Two North Okanagan jurisdictions will take a stand against genetically modified crops but there is nothing that can be done to officially stop them.
The Regional District of North Okanagan board adopted changes Wednesday to the official community plan in Cherryville and rural Lumby that states residents do not support the introduction, use, cultivation or propagation of genetically engineered (GE) organisms. Producers will be urged to adopt a GE-free policy.
“It’s a motherhood statement,” said Rick Fairbairn, rural Lumby director, clarifying that RDNO does not have the legal ability to ban the use of GMO products by local farmers.
The OCP change originally only included Cherryville, but some residents were upset that rural Lumby was not mentioned.
“Rick, what do you have to lose by doing your job and representing the community?” Carla Vierke asked of Fairbairn during a public hearing. “How did this get by when 93 per cent of residents (in a community survey) are against this and only eight families are for this?”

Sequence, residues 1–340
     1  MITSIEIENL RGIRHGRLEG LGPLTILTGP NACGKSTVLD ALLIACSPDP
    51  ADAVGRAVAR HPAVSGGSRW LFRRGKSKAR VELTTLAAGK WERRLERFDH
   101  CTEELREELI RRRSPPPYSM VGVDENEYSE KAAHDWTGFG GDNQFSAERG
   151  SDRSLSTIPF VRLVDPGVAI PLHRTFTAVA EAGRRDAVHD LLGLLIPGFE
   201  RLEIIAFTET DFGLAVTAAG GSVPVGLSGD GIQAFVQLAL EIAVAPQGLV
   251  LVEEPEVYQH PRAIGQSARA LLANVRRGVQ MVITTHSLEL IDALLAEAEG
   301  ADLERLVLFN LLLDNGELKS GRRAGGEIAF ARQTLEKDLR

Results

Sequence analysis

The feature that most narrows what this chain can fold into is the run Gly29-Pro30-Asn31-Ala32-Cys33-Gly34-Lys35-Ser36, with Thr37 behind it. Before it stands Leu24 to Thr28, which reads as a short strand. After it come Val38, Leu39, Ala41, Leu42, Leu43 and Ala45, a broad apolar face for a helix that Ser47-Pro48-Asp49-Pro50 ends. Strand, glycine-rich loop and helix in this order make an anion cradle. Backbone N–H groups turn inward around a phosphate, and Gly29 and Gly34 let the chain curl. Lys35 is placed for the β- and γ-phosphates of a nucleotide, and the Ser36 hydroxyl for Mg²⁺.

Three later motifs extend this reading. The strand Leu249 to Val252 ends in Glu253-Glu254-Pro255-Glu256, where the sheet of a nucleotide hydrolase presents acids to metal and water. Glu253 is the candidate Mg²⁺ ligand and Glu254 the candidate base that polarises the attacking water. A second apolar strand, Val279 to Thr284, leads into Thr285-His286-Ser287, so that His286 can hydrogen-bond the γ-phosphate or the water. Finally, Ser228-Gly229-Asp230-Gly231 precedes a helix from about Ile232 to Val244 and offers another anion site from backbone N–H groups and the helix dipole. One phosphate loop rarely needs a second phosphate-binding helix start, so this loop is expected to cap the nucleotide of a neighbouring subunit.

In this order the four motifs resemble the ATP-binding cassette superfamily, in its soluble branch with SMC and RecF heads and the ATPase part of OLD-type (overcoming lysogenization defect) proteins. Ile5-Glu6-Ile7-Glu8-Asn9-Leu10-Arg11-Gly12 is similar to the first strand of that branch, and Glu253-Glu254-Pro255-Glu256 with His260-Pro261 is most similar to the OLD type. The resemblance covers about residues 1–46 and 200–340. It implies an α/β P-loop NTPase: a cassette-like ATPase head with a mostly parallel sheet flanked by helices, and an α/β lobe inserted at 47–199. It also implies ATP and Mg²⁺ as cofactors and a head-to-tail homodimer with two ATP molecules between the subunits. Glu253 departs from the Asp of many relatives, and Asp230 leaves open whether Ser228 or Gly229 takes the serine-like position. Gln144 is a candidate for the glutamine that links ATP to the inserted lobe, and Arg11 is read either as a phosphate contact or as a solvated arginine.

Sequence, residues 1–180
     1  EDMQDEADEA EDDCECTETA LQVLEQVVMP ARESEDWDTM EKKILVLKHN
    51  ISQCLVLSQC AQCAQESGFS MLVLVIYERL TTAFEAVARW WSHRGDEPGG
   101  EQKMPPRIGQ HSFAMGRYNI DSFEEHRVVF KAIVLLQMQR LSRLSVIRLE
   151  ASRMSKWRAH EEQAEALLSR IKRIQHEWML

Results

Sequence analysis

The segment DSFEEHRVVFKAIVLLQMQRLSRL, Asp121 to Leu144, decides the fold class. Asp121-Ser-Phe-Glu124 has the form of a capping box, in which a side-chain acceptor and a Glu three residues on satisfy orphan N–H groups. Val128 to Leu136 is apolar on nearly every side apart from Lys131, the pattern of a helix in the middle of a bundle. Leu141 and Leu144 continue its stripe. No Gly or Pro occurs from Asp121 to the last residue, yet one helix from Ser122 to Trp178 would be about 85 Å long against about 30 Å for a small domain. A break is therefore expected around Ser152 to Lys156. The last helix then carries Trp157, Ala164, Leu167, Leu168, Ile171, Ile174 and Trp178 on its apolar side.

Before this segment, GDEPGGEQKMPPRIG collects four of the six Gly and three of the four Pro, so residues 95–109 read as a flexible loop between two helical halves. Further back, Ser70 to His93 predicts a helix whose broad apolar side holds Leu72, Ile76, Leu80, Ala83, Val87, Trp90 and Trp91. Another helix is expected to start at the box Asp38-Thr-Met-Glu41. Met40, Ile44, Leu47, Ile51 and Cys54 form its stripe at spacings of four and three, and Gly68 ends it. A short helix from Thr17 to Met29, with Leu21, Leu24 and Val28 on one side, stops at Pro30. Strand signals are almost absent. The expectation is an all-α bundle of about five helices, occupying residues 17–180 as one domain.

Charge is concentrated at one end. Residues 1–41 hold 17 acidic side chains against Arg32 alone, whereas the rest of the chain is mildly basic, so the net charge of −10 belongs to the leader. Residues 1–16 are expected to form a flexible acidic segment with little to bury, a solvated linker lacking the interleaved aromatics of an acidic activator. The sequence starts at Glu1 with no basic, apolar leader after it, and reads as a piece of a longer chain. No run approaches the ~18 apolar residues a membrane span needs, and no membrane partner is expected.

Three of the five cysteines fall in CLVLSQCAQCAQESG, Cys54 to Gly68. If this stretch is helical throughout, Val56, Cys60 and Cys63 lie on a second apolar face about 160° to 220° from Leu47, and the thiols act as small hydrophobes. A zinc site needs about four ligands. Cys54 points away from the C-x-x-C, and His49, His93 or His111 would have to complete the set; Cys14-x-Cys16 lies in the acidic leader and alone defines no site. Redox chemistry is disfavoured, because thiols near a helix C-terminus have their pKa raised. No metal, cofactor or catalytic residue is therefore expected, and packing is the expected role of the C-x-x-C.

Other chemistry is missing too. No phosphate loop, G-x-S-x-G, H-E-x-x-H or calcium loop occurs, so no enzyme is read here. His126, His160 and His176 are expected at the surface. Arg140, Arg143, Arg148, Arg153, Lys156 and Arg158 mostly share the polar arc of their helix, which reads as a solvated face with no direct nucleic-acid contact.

A rural Lumby resident questioned the process that led to the original draft of the bylaw.
“I want to know who wrote these words,” he said of the OCP amendment. “There’s gross dereliction in duty or an agenda.”
Directors were asked to put their personal opinions about GMOs aside and represent the public.
“You answer to the next generation. You have a chance to be heroes. Make the right choice,” said resident Michelle Saurette.
Fairbairn admits he was reluctant to include rural Lumby in the OCP change because the regional district has no mandate over GMOs.
“The matter is not within the jurisdiction of local government,” he said.
Fairbairn ultimately agreed to include rural Lumby after the public presentations.
“I have an obligation to respect the wishes of constituents and hear and listen to their concerns,” he said.